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Swedish tech startup Einride does not have the fame Tesla has, nor the experience in car manufacturing of established automobile brands like Volvo. Yet, if the company succeeds in carrying out its ambitions, it is going to have a driverless truck in operation way before any of the established carmakers do.

Autonomous Vehicles

Driverless Electric Trucks To Enter Sweden’s Roads Later This Year

Swedish tech startup Einride does not have the fame Tesla has, nor the experience in car manufacturing of established automobile brands like Volvo. Yet, if the company succeeds in carrying out its ambitions, it is going to have a driverless truck in operation way before any of the established carmakers do.

Swedish tech startup Einride does not have the fame Tesla has, nor the experience in car manufacturing of established automobile brands like Volvo. Yet, if the company succeeds in carrying out its ambitions, it is going to have a driverless truck in operation way before any of the established carmakers do. No less importantly, it will have an electric drivetrain.

There are solid reasons to believe Einride is not merely boosting its progress to lure investors. The best signifier is that it has partnered up with multinational grocery behemoth Lidl. Last October, Einride released a statement explaining how it is going to support Lidl in its transition towards electric and autonomous transport. The supermarket chain has a goal of reducing its emissions by 40% in Sweden by 2035. The company already switched to lower-emission fuels such as biodiesel, but now wants to go all the way down to zero. That’s where Einride comes in.

Founded in 2016, Einride has developed the T-pod, an electric truck that is not just able to operate autonomously, but does not even feature a driver’s seat. Without the cabin, more space is left for the drivetrain and freight. Powered by a 200 KWh battery, it can cover approximately 125 miles or 200 km on a single charge. Over that distance, it has space for 15 standard pallets, equal to 160 sq ft or 15 m2. Its maximum weight will be around 20 tons, and it will be sold at roughly $150,000 per unit.

The company plans to start a pilot program using the T-pod by the third quarter of 2018. The vehicle will be driving around the city of Halmstad on the Swedish west coast, carrying actual Lidl products and driving through actual Swedish traffic. However, at first the T-pod will be monitored at a distance by a human driver, ready to take over the wheel when required. Total autonomy, at least at the start of the pilot, not yet been reached, but Einride plans to slowly decrease human involvement, going from 1 to 10 trucks per remote driver.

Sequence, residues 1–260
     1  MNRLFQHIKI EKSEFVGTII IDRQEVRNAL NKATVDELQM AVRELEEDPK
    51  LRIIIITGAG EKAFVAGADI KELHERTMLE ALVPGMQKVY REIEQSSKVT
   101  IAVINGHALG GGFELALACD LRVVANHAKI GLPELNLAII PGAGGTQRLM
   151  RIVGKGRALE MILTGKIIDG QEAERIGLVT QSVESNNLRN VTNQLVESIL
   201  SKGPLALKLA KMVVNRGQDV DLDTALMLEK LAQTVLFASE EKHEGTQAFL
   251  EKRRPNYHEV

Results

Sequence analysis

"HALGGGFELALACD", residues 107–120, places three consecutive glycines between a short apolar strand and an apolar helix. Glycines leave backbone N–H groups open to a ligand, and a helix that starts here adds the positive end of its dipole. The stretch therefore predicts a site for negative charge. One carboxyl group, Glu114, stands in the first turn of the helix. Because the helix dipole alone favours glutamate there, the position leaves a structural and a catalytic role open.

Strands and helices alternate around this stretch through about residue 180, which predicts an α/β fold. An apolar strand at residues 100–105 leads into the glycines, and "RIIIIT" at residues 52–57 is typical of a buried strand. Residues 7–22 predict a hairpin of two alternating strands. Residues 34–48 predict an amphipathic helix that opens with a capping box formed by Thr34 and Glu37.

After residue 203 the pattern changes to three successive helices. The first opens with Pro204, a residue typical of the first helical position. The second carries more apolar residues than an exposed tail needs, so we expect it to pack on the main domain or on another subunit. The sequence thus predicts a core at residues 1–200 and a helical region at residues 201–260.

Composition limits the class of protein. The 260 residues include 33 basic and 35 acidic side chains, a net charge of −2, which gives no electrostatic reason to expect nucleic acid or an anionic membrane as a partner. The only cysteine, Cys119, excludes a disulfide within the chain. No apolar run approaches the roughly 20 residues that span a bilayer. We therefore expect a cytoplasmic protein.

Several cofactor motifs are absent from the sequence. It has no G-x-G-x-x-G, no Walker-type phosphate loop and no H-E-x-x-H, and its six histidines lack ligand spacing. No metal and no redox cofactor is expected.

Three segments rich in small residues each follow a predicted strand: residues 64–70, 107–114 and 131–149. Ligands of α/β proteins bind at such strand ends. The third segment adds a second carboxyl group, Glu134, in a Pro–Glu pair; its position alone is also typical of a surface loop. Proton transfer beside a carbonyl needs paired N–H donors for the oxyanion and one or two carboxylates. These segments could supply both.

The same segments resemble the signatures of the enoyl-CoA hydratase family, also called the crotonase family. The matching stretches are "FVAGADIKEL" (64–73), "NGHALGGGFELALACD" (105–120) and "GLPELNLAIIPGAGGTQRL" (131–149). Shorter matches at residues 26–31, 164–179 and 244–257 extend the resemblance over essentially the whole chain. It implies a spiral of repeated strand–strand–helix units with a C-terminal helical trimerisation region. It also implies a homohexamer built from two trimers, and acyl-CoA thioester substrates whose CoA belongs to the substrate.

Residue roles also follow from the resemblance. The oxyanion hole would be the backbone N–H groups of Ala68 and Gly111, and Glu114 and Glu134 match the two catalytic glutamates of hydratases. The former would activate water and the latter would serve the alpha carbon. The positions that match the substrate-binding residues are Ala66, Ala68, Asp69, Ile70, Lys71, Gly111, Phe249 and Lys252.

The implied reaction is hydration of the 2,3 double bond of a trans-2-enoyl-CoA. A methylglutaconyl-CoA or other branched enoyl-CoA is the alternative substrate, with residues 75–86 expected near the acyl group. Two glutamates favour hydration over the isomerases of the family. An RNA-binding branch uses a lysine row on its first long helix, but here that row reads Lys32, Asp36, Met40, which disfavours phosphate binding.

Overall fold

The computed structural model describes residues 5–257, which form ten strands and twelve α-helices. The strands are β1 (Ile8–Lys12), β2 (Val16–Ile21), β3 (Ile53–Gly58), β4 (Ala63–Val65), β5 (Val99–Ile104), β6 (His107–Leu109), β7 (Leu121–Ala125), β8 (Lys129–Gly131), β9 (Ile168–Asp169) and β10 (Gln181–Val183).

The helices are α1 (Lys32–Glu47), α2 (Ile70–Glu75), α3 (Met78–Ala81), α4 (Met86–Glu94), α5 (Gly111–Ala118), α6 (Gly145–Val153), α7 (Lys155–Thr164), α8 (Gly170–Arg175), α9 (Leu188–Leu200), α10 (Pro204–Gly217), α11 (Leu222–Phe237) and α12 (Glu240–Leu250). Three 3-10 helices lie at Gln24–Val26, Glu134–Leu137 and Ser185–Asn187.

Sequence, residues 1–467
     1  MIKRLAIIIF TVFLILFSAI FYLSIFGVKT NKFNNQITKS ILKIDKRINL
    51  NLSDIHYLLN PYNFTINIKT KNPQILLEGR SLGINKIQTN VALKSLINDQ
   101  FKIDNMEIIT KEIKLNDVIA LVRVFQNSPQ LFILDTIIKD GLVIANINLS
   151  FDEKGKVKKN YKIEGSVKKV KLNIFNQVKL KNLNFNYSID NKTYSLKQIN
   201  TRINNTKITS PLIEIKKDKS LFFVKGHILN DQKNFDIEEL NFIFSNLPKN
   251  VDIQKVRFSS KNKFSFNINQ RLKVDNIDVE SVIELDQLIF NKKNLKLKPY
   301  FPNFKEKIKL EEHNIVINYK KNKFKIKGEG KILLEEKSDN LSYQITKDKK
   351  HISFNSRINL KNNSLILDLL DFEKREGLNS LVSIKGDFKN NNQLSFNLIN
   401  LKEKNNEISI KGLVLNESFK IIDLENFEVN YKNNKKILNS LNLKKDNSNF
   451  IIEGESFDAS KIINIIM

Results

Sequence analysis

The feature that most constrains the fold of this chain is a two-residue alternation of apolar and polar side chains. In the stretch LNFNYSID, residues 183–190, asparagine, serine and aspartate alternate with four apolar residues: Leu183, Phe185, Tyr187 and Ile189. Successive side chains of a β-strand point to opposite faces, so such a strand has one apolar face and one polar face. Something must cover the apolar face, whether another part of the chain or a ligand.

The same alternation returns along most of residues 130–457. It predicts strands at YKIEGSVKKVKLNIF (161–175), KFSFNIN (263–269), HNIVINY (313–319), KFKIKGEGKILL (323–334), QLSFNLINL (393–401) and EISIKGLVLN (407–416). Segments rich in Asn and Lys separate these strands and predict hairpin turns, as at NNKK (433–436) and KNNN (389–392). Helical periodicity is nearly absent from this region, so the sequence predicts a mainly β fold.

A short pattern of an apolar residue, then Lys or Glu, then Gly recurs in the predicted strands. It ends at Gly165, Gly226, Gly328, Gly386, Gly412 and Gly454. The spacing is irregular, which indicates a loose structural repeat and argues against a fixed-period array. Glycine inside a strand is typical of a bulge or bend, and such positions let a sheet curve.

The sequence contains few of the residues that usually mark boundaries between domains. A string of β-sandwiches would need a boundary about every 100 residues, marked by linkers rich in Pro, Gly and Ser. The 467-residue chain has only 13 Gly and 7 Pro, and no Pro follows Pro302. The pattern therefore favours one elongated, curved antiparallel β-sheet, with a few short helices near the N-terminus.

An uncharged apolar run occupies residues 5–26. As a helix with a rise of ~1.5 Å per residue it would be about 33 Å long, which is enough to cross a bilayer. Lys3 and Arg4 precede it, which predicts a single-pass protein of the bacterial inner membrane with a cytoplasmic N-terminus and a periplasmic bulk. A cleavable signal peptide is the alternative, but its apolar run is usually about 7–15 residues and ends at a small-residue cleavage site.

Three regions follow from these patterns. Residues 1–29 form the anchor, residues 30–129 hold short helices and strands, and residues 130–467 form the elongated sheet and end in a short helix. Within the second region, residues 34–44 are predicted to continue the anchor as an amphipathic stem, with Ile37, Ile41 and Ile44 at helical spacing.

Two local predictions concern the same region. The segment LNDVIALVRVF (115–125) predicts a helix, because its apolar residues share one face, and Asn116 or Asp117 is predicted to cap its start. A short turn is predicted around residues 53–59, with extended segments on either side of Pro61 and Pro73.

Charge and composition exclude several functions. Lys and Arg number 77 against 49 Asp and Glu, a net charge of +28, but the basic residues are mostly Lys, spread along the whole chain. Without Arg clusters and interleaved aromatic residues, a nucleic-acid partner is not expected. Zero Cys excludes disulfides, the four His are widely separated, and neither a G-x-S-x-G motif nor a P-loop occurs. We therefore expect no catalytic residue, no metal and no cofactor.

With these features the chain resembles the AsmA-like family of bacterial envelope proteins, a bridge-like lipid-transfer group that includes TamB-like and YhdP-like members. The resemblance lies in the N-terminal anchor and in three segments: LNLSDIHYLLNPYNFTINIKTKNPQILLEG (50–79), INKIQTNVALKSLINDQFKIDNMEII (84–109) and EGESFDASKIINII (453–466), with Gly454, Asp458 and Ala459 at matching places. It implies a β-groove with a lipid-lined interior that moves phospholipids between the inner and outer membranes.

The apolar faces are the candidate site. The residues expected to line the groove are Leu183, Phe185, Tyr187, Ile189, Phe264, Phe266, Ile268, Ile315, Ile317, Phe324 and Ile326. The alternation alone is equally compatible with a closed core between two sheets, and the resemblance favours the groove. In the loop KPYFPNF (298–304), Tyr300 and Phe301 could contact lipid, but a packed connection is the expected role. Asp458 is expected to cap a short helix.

Still, the T-pod makes for an interesting proposition. As long as the distance is not too large, companies can now operate a vehicle at eventually drastically lower labor costs. Additionally, the maintenance and fuel costs associated with wielding a traditional combustion engine are eliminated.

Furthermore, the T-pod is to be conceived of as one cog in a much larger wheel. Using a network of hubs from which the pods operate, the 200 km range suffices to sustain a huge, highly automated logistics system.

As Einride’s own timeline indicates, we are still some time away from large scale adoption of autonomous, electric trucking. By 2020, the company wants to have built 200 vehicles, and this might turn out to be rather ambitious for a firm that, by then, will exist less than 5 years. But looking into the longer term, Einride has bolder plans. It aims to have 40% of Swedish road transport carried out by its own vehicles as of 2035. That is optimistic, given the advancement competing car brands will have made. Production of Tesla’s Semi for example, a highly autonomous electric truck, is slated to start in 2019. Einride is still a company to keep a close eye on. If it manages to fulfill its promise and gets its autonomous electric truck into commercial operation before the end of this year, it does have a strong position to take up larger swaths of the trucking market in the near future.


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Written By

Optimistic, eager to learn and strongly committed to society's well-being, Rogier van Rooij focuses his coverage on major cleantech developments in Western Europe. After graduating Magna Cum Laude from Utrecht University, Rogier is currently pursuing his Msc in Economics at the University of Bonn, Germany.

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